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Editor Interview: The Skinny Poetry Journal

Q: Describe what you publish in 25 characters or less.

A: The best Skinnys written.

Q: What other current publications (or publishers) do you admire most?

A: Cherry Castle Publishing, Central Square Press, Third World Press, pluck!, Black Classic Press, Apogee Literary Journal, Kweli Literary Journal, Poetry Magazine, and Little Patuxent Review--to name a few.

Q: If you publish writing, who are your favorite writers? If you publish art, who are your favorite artists?

A: Toni Morrison, Gwendolyn Brooks, James Baldwin, Gerald Stern, Marvin Gaye, Tony Medina, Nikki Giovanni, Stevie Wonder, Maya Angelou, Langston Hughes, Ralph Ellison, Seamus Heaney, Bob Dylan, E. Ethelbert Miller, Alicia Ostriker, Mozart, Tupac Shakur, Louis Reyes Rivera, Yasiin Bey, Chadwick Boseman, Shakespeare, Emily Dickinson, Dolly Parton, Ross Gay, Jeff Friedman, Martin Espada, Johnny Cash, John Coltrane, Federico GarcĂ­a Lorca, Miles, Charlie Parker, Aretha Franklin, Richard Wright, Alex Hale, Zora Neale Hurston, Alice Walker, Phillis Wheatley, Lorraine Hansberry, August Wilson--to name a few.

Q: What sets your publication apart from others that publish similar material?

A: No other publication is edited by the creator of the fixed-form that it celebrates. Indeed, no other literary journal is dedicated to the Skinny poetry form and features the best poetry written in that form.

Q: What is the best advice you can give people who are considering submitting work to your publication?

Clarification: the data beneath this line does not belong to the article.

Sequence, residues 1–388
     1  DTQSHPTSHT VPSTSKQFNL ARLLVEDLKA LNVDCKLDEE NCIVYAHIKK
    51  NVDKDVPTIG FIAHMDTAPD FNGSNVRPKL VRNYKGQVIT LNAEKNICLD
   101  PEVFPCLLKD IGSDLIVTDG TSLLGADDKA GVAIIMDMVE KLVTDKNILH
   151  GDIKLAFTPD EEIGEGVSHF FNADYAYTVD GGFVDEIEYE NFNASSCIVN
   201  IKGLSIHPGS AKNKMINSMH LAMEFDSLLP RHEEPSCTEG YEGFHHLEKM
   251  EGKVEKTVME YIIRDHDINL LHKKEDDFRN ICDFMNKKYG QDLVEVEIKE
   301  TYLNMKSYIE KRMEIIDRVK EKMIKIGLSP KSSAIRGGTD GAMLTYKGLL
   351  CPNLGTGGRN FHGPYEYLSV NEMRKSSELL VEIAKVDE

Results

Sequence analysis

A: For a Skinny to be a notable work, it must first be a notable poem. The crafting of layers of meaning, informed by figurative language, and the expression of some universal truth about the human condition is key. That is the kind of poetry we have an interest in publishing.

Q: Describe the ideal submission.

A: It should be a great poem.

Q: What do submitters most often get wrong about your submissions process?

A: They abide by the structural guidelines that are needed to construct a Skinny, however, they do not incorporate any figurative language in their pieces. They submit prose, not poetry.

Q: How much do you want to know about the person submitting to you?

A: No cover letters or lists of publications are required. Literary social classism has no bearing on successful submissions.

Q: If you publish writing, how much of a piece do you read before making the decision to reject it?

A: I read every submission, working in concert with a small team of other editors--and yes, acceptances and rejections are quickly apparent.

Q: What additional evaluations, if any, does a piece go through before it is accepted?

A: None.

Q: What is a day in the life of an editor like for you?

A: Reading. Reading. Reading.

Q: How important do you feel it is for publishers to embrace modern technologies?

A: Growth requires change. So yes, embracing "the new" is something we deem as wise--and intellectually healthy.

Q: How much do you edit an accepted piece prior to publication?

A: Usually, not a great deal. We have too many submissions for that to be feasible. However, occasionally we offer editorial suggestions to writers regarding work that is very promising.

Q: Do you nominate work you've published for any national or international awards?

A: Yes.